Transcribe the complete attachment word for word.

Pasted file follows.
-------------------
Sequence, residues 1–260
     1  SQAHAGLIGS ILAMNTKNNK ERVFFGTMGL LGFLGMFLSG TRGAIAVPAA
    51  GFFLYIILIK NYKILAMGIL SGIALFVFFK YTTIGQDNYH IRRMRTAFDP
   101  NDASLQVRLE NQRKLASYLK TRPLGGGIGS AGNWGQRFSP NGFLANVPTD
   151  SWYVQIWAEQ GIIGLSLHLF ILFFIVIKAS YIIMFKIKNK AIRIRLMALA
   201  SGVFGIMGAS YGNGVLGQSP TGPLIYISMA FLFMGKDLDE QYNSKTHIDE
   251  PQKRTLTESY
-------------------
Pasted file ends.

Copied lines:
Sequence, residues 1–260
     1  SQAHAGLIGS ILAMNTKNNK ERVFFGTMGL LGFLGMFLSG TRGAIAVPAA
    51  GFFLYIILIK NYKILAMGIL SGIALFVFFK YTTIGQDNYH IRRMRTAFDP
   101  NDASLQVRLE NQRKLASYLK TRPLGGGIGS AGNWGQRFSP NGFLANVPTD
   151  SWYVQIWAEQ GIIGLSLHLF ILFFIVIKAS YIIMFKIKNK AIRIRLMALA
   201  SGVFGIMGAS YGNGVLGQSP TGPLIYISMA FLFMGKDLDE QYNSKTHIDE
   251  PQKRTLTESY